A disturbingly inappropriate ‘game’ available to download from Google’s app store is being advertised to children and teenagers.
The game, called LUV, involves the player navigating sickening sexualised encounters such as attempting to remove a woman’s clothes while she sleeps.
Shades of incest and rape are clearly present in the ‘simulations’ presented to the player. In the above example, the woman in question is described as the player’s stepsister.
Adverts to download the game are being shown on other ‘free-to-play’ games downloaded through the Google Play Store.
Florida-based filmmaker Michael McWhorter first brought attention to LUV through a TikTok post that he subsequently shared on Twitter.
His video garnered over 700,000 views and has led to thousands of people flocking to the game’s download page in order to give it a one-star review.
‘Google, how the **** is this game available in your app store?’ McWhorter says in the video.
‘And then being advertised on other games – a game that my son could easily be playing.
‘What do you think this teaches young preteen boys about how women should be valued and treated?’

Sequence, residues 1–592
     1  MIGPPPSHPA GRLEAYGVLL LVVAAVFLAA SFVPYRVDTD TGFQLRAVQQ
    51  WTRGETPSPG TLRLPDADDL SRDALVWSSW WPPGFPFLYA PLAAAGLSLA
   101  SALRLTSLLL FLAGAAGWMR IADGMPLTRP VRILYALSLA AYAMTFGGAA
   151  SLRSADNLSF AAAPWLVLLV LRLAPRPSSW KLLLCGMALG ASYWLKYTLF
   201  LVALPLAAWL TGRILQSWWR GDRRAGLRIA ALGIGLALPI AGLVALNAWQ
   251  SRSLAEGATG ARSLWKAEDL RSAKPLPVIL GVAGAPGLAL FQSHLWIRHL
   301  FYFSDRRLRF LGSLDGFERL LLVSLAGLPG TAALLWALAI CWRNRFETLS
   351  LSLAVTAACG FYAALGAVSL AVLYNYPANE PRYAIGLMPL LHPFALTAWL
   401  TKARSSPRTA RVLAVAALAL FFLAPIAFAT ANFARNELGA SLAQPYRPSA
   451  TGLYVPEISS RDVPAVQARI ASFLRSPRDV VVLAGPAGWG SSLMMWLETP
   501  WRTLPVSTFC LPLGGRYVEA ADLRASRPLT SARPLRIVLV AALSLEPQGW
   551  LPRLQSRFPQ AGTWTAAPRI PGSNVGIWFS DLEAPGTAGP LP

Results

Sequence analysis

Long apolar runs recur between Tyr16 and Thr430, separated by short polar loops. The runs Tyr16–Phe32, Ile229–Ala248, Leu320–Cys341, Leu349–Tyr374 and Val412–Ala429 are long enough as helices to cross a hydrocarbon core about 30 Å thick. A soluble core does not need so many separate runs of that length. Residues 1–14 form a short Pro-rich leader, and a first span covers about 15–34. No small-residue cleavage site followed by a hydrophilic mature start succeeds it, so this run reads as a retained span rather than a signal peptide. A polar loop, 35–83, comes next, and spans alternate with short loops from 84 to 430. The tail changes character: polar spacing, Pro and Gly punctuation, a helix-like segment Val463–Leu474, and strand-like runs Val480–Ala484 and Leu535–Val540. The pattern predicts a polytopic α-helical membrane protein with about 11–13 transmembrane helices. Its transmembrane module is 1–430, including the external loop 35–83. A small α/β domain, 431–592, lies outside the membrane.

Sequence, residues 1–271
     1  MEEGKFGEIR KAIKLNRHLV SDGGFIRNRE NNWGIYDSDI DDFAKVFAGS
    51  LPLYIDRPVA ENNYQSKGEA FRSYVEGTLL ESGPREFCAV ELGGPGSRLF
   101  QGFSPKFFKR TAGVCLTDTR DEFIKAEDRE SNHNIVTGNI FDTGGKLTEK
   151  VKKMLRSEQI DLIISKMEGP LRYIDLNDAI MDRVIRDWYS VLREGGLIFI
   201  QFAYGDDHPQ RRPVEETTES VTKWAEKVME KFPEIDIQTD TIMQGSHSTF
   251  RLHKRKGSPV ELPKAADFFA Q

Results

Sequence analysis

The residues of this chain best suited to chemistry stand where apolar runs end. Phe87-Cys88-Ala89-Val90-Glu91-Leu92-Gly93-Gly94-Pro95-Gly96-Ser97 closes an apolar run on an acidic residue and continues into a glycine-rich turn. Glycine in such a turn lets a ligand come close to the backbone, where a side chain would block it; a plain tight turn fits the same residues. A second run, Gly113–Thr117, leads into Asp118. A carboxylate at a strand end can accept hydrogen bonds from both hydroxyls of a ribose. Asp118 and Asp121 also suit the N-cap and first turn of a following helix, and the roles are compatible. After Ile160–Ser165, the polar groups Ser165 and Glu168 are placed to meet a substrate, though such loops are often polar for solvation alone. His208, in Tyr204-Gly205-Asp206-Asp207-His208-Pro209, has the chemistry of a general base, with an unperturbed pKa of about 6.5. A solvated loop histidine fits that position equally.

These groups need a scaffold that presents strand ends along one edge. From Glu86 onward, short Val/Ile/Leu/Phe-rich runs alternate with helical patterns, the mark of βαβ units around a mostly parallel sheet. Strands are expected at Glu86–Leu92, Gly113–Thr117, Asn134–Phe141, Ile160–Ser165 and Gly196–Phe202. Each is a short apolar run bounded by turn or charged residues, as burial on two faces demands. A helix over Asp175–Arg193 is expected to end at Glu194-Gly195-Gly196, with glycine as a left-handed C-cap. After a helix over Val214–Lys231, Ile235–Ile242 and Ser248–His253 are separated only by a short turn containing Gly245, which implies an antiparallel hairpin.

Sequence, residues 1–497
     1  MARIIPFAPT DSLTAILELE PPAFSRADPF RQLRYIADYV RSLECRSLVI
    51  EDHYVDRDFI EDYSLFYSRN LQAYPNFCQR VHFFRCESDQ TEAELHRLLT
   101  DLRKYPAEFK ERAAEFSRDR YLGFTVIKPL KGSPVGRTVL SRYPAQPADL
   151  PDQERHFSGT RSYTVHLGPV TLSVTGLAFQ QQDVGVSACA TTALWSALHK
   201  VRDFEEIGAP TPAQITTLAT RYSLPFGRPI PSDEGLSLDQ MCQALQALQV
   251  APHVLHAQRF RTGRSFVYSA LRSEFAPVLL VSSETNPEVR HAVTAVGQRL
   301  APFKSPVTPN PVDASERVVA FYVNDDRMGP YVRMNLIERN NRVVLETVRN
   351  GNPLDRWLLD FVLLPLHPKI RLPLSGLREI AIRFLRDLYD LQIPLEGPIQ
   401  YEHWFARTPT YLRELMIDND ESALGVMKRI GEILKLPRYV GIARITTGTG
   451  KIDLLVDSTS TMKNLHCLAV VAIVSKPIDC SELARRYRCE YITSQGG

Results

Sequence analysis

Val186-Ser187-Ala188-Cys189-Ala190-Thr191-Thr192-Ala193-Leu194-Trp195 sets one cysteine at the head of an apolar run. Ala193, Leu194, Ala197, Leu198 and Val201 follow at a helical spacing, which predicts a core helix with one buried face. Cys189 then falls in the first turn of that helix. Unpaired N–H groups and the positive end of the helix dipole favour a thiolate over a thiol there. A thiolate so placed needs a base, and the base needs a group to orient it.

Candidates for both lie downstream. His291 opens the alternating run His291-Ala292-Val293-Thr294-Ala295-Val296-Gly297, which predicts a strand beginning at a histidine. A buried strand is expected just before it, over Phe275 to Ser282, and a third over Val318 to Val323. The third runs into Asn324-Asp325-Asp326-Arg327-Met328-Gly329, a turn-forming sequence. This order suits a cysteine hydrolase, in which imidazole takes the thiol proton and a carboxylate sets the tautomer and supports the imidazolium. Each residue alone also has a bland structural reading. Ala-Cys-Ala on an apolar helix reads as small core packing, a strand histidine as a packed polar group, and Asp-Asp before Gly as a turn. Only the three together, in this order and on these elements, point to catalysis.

Responses to the video flooded in from others who were shocked this kind of content is available to download in the first place.
Reviewers have vented their disgust at the game, saying that it promotes rape and sexual abuse.
On the game’s Google Play page, one user wrote: ‘Didn’t play, installed, rated and deleted. The ads for this are disgusting and promote sexual abuse and rape. Flagged as inappropriate to Google.’
The game, which holds a 17+ ‘Mature’ rating on the Google Play Store boasts ‘addictive gameplay’ and ‘interactive story’ as its key selling points and includes a badly-written blurb inviting players to get involved.
The game appears to be the only app made by Afivad Limited, but a cursory search throws up loads of thinly-veiled pornographic ‘simulation’ games.
Any app containing pornagraphic material is in breach of Google’s Inappropriate Content policy for the Google Play Store.
It states: ‘We don’t allow apps that contain or promote sexual content or profanity, including pornography, or any content or services intended to be sexually gratifying.
‘We don’t allow apps or app content that appear to promote a sexual act in exchange for compensation. Content that contains nudity may be allowed if the primary purpose is educational, documentary, scientific or artistic, and is not gratuitous.’
McWhorter and others have demanded that Google removes these games from the Google Play store and puts a stop to adverts featuring them appearing in other games and apps.
Metro.co.uk has approached Google for comment and will update this article if and when we receive a response.